Drawing games for teaching English – 35 articles and worksheets

A mix of things for adults and kids – hopefully obvious which are which.


Drawing on drawing games Part One – Pictionary (article of mine published in Modern English Teacher magazine)

Drawing on drawing games Part Two – Picture dictation (ditto)

Drawing on drawing games Part Three – Competition, challenges and cooperation

15 best drawing games (a much shorter summary of some of those games, on TEFL.net)

Drawing and crafts for prepositions of position

The first idea in Three Nice New Simple Third Person S activities (blog post)


NB. worksheets mentioned in more than one section below if they cover more than one point.

Drawing games for grammar

Possessive adjectives drawing game (new)

Present Simple reading, speaking and drawing game

Good and bad boys, girls and superheros Present Continuous project

Animals and body parts drawing (possessive S)

Strange body positions pictionary (prepositions on position and body)

Body parts and prepositions monsters project

Our topsy turvy school prepositions project (classroom and school vocabulary)

This that these those pictionary

Superlatives pictionary challenge game

Prohibitions pictionary (modal verbs)

Good and bad behaviour Present Continuous pictionary/ mimes

Food Present Continuous pictionary

Rules and regulations pictionary (modals verbs and similar)

Drawing games for phonics

oa phonics drawing race

ai phonics drawing race game

Drawing games for vocabulary

Crazy food and drink pictionary

Crazy appearances pictionary

Animal idioms pictionary

Draw a monster body parts practice (colours, numbers and shapes)

Basic nouns and adjectives pictionary

Pick the body part and adjective drawing game

Animals and body parts drawing (possessive S)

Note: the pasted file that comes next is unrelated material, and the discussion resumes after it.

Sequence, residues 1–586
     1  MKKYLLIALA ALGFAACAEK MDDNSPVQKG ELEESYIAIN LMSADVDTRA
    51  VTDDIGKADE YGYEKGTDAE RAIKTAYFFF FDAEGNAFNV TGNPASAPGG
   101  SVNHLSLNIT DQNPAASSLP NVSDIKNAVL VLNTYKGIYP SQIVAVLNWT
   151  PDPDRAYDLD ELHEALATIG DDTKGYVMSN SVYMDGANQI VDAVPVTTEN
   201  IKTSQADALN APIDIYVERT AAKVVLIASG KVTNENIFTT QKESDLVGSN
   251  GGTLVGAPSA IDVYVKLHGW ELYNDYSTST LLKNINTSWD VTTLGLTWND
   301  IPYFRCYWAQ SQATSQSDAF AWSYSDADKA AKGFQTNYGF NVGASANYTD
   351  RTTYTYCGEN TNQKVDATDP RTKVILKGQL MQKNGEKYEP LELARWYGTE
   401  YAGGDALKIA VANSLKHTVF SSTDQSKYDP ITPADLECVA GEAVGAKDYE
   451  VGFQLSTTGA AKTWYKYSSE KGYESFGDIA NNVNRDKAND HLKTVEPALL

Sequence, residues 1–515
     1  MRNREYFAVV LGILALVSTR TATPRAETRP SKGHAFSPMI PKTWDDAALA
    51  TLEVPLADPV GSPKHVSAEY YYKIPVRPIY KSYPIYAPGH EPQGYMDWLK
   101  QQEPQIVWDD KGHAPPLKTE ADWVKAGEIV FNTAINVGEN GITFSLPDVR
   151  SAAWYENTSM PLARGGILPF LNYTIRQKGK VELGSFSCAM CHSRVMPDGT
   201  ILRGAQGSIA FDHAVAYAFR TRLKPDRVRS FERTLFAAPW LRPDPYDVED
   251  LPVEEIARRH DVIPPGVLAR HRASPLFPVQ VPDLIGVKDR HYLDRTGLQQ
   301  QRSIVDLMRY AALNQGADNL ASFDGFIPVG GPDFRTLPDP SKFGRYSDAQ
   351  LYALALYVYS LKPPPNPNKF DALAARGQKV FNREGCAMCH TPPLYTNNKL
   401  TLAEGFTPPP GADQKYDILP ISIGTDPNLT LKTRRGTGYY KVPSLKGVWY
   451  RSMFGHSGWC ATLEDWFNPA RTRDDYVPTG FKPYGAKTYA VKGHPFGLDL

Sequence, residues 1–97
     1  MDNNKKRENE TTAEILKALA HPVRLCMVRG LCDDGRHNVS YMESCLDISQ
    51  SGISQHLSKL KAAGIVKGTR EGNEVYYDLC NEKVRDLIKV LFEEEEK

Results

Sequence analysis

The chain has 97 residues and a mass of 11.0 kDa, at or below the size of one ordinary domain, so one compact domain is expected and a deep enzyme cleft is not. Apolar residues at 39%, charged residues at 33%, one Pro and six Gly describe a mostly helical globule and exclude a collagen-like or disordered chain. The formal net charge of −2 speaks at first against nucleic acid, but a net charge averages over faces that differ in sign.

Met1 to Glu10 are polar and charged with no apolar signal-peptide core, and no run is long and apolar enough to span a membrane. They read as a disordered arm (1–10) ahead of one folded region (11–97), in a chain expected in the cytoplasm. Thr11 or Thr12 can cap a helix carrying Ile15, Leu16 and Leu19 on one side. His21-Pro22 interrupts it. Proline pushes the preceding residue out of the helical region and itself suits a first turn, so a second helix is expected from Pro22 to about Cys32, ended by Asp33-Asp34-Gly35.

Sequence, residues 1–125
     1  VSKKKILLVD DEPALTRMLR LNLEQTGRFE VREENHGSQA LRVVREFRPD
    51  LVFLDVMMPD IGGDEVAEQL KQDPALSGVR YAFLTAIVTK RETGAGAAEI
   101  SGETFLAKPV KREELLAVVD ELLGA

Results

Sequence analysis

Feelings and animals pictionary

Describing art drawing games

Describing architecture drawing games

Homes and architecture vocabulary pictionary

Big and small classroom objects pictionary

Pick cards to draw a Xmas picture

Pick numbers, shapes, feelings and face words to make crazy pictures

Pick words to make an underwater picture (including colours and numbers)

Food Present Continuous pictionary

Strange body positions pictionary (prepositions on position and body)

Body parts and prepositions monsters project

Our topsy turvy school prepositions project (classroom and school vocabulary)

Teacher training worksheets

Classroom language miming/ pictionary

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Teaching trends language

Should you wish to considerably improve the way you teach language like “considerably improve” or substantially increase the number of expressions like “substantially increase” that you introduce to IELTS, EAP, business and ESP students, I’ve finally got around to writing an article on what has always been one of my favourite topics:

How to teach the language of trends

That article also now a link on my page of worksheets on the topic, along with these two new ones where I actually teach language in context for once:

Describing places The language of trends

Social issues trends

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New teaching English articles and worksheets March 2014

I’m off to the UK on Sunday to take part in Occupy IATEFL*, so here are lots of worksheets and not lots of articles to keep you busy until I get back. Recent stuff I haven’t mentioned yet top:


Meeting people and meeting people again review

Verb patterns classification and speaking

Giving directions in British and American English

Meeting people cultural differences and useful phrases

Eiken Level 1 speaking practice

Classify and rank the formal and informal emailing phrases

Give advice on emailing and other business communication (including good advice and function language for them to give each more such tips)

Your week countable and uncountable (the best way I’ve found yet of personalising countable and uncountable nouns)